Targeted patrols take more drunken drivers off roads
Grant helps South Milwaukee put more officers on streets
As Lt. Chad Milow turns his police squad onto the 1300 block of Milwaukee Avenue, he slams on the gas and flips on the car’s light bar.
He just spotted a white Jeep Liberty without its lights on. Milow, a 13-year South Milwaukee Police Department veteran, is patrolling for drunken drivers, and at 10:30 p.m. on a Friday night, lack of lights can be a telltale sign.
Milow’s Jan. 16 patrol, a voluntary overtime shift, is paid for in part by a grant from the Wisconsin Department of Transportation’s Bureau of Transportation Safety. The grant is focused on arresting drunken drivers and enforcing seatbelt laws.
Grabbing the microphone off the dash, Milow radios the Jeep’s license plate number to a dispatcher before approaching the vehicle. The driver, a 55-year-old South Milwaukee man, is a valid driver with no warrants. If he is drunk, the dispatcher says, this will be a first offense.
After smelling alcohol on the man’s breath, Milow asks him to step outside the vehicle to perform field sobriety tests. The squad’s red and blue lights flash brightly on the snow as the lieutenant explains the tests.
The man loses balance while standing on one foot, and again while walking heel to toe. Milow asks him to follow a pen with his eyes for the horizontal gaze nastigmatism test. Jumpy eyes during this test, Milow said, can indicate intoxication.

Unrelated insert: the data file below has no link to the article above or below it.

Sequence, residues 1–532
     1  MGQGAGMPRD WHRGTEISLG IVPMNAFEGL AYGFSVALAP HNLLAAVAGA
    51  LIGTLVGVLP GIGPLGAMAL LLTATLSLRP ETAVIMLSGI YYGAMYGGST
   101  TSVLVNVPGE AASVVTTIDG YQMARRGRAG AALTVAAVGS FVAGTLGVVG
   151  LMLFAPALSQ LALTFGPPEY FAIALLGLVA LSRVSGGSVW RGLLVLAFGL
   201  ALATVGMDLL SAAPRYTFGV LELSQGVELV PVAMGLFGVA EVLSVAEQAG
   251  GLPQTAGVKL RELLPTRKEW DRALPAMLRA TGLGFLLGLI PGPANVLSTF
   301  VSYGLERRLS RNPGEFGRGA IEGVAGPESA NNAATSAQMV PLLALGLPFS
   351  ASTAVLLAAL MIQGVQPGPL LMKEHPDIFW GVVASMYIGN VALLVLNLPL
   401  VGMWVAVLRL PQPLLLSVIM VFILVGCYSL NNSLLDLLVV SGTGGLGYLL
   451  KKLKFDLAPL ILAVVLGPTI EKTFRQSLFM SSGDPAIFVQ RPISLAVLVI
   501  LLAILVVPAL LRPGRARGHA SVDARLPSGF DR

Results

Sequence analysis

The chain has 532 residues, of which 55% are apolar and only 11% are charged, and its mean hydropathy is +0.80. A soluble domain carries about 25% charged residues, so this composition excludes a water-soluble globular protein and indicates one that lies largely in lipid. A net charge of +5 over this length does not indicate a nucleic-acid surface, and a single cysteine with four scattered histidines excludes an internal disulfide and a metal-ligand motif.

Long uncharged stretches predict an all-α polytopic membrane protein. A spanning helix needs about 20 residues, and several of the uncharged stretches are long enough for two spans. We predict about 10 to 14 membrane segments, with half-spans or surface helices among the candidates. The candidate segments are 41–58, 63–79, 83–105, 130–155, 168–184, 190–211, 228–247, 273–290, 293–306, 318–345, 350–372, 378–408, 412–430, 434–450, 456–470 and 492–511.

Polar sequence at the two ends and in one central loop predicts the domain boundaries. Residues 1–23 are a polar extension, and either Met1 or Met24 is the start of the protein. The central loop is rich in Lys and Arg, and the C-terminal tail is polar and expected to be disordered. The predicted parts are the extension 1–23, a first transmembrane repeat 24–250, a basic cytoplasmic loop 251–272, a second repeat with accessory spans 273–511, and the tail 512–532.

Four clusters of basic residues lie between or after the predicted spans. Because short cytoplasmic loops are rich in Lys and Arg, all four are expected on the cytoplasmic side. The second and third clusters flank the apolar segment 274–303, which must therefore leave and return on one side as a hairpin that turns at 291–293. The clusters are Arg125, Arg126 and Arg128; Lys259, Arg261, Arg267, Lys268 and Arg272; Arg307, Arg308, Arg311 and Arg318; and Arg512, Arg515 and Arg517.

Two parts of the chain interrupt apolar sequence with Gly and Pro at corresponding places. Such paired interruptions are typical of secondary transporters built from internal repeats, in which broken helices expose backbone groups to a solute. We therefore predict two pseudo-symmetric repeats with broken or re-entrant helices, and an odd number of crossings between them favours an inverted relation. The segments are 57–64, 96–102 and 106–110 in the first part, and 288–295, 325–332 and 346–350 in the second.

“People can’t beat the HGN. You can’t cheat at it,” Milow said. “The pupils don’t lie.”
After the tests, the man is placed under arrest.
Back at the Police Department, a breath test shows the man’s blood-alcohol content is 0.11, more than Wisconsin’s 0.08 legal limit.
“You’re not way over,” Milow told the man in the booking room, “but you’re over.”
The man told police he had drunk three beers.
Milow said the grant’s saturation patrols are working — more drunken drivers are being arrested.
Lt. Cary Fischer, grant administrator, said about 130 drunken drivers were arrested by South Milwaukee police in 2008. As of Jan. 20, 17 tickets had been issued for drunken driving in 2009.
“That’s almost one per day so far this year,” Fischer said. “Normally it’s three a week.”
Since the start of the grant patrols in November, 38 drunken drivers have been arrested as a result of 86 hours of overtime.
Some nights, as many as four additional officers are on the road patrolling for drunken drivers, paid for by the grant. These officers do not take regular service calls while on patrol, allowing them to look specifically for drivers under the influence of alcohol.
Isral DeBruin can be reached at (262) 446-6608.
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